Morris Adjmi Architects Host Future Green Studio Art Exhibit With Custom Toby Cecchini Cocktails

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Left to right: Ryan Serhant, Jennifer Alese (Nest Seekers International), Morris Adjmi. Photo credit: Scott Rudd Events, courtesy Morris Adjmi Architects

Every four months, architect Morris Adjmi hosts an art exhibit opening night party with art displayed throughout his office and vestibule. His purpose is threefold: to liven up the office space, to inspire his staff and to introduce artists to developers. Previous shows have highlighted the works of New York City painter Lyle Starr, Swedish silicone artist Matthias Van Arkel, and Dutch landscape photographer Saskia Boelsums.

Adjmi says that he often looks to the art more than architecture for inspirations because, “Art is becoming more important and more a part of all of our lives…You buy what you like but it’s the history of art and how it influences our culture that makes it really important.”

Left to right: Chris Taylor (Creative Director of Interiors, MA), Alan Hill (Alan Hill Design). Photo credit: Scott Rudd Events, courtesy Morris Adjmi Architects

Rugged art and Adjmi enthusiasts braved NYC’s first snowstorm to attend Thursday night’s art opening. The opening night parties are always greatly anticipated not only for the art reveal but mixologist Toby Cecchini creates custom art-inspired cocktails to serve at the event.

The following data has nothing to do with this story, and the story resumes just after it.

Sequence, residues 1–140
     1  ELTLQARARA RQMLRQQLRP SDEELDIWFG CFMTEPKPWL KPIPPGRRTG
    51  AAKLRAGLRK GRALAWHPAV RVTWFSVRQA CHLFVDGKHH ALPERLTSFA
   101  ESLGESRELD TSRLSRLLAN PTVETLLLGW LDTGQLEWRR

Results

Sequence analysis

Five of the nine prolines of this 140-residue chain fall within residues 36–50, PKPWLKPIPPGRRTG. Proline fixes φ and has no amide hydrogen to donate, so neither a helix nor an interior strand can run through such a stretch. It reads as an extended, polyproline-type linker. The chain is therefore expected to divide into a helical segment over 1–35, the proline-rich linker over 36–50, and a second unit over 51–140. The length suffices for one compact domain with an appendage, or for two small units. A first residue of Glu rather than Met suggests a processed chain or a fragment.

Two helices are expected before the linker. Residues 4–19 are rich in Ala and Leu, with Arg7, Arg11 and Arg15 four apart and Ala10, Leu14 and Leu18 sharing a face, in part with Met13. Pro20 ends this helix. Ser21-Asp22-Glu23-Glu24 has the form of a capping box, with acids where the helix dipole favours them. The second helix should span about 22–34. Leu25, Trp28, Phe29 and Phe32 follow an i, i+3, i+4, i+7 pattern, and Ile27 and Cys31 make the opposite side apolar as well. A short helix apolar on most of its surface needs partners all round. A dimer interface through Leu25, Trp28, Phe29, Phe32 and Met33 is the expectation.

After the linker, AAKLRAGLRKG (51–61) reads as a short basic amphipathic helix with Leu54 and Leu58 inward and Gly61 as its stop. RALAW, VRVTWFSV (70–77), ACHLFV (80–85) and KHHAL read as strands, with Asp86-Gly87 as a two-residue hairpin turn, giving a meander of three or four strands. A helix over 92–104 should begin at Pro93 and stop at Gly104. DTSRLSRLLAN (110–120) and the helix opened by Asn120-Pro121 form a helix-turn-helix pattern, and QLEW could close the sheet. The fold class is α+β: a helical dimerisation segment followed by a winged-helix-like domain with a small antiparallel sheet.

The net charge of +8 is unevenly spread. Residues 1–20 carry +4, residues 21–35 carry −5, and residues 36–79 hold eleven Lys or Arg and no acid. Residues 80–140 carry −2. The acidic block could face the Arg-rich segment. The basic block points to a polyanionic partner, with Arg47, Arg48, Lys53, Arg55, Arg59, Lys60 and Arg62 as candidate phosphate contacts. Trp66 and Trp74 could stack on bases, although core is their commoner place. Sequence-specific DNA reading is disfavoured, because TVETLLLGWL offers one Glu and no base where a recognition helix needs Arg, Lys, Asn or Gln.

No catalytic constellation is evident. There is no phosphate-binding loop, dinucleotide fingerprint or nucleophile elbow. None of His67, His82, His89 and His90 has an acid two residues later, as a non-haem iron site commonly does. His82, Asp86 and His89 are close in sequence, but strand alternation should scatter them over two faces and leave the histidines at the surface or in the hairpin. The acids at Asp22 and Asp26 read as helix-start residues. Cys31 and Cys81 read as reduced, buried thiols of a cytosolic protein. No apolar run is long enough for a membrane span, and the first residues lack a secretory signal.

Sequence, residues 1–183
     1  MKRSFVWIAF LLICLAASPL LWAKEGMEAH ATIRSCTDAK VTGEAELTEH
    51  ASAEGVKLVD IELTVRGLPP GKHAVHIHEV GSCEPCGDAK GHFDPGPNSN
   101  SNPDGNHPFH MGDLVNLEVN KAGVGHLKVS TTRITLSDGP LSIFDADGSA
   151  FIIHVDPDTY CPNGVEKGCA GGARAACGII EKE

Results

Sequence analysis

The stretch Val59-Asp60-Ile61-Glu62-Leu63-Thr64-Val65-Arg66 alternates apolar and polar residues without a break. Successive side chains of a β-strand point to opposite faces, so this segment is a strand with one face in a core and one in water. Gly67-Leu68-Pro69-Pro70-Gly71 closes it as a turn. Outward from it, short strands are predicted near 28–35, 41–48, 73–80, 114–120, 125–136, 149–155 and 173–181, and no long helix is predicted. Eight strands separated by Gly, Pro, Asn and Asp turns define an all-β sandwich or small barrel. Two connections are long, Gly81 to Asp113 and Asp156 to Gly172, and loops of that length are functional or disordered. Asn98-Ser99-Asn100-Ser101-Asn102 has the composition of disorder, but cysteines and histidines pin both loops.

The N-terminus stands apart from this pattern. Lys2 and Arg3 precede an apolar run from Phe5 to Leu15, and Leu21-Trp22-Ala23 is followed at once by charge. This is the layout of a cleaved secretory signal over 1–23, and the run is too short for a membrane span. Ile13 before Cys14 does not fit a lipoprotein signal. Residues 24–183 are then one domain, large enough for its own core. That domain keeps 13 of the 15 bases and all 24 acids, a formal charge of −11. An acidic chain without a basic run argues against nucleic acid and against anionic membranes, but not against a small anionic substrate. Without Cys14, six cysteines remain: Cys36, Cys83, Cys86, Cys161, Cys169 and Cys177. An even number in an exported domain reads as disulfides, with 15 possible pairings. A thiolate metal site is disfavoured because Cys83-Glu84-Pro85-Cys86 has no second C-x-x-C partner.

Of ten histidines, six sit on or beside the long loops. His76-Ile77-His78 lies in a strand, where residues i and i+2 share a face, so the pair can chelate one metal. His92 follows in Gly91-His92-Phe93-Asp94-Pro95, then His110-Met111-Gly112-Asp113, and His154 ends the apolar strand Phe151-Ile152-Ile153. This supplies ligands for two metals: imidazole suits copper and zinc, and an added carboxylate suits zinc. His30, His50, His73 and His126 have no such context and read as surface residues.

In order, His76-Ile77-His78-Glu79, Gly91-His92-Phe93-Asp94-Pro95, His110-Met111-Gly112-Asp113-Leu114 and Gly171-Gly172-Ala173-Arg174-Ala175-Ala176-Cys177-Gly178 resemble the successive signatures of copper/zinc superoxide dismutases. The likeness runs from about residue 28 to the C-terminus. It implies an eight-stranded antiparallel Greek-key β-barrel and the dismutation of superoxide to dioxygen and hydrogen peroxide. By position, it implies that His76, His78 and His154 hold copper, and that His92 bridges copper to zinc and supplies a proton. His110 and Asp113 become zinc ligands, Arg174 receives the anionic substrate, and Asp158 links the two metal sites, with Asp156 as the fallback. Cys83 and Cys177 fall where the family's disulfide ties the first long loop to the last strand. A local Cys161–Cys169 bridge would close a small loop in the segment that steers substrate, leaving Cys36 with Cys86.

Left to right: Sophie Muschel-Horton, Bonnie-Kate Walker (Future Green Studio, Designers). Photo credit: Scott Rudd Events, courtesy Morris Adjmi Architects

Second from the right: David Seiter (Principal and Design Director, Future Green Studio).Photo credit: Scott Rudd Events, courtesy Morris Adjmi Architects

Photo credit: Scott Rudd Events, courtesy Morris Adjmi Architects: Exhibition opening

Photo credit: Michelle Sinclair Colman

The current art on display, by Future Green Studio entitled “Sections of the Anthropocene,” runs from November 15, 2018 – March 1, 2019. The exhibit explores the impact of human habitat on the earth’s surface through observation, extractions and imagined realities that expose the condition of the urban substrate. Photography and “anthropogenic ecologies,” which are hard, impervious surfaces of our roads, lots, and buildings, and the compacted soil beneath that have transformed our atmosphere, displaced plants and animals are on display. The goal of the art (and Future Green Studio) is a hopeful effort to present a new connection to the urban condition and the impact of our footprint.

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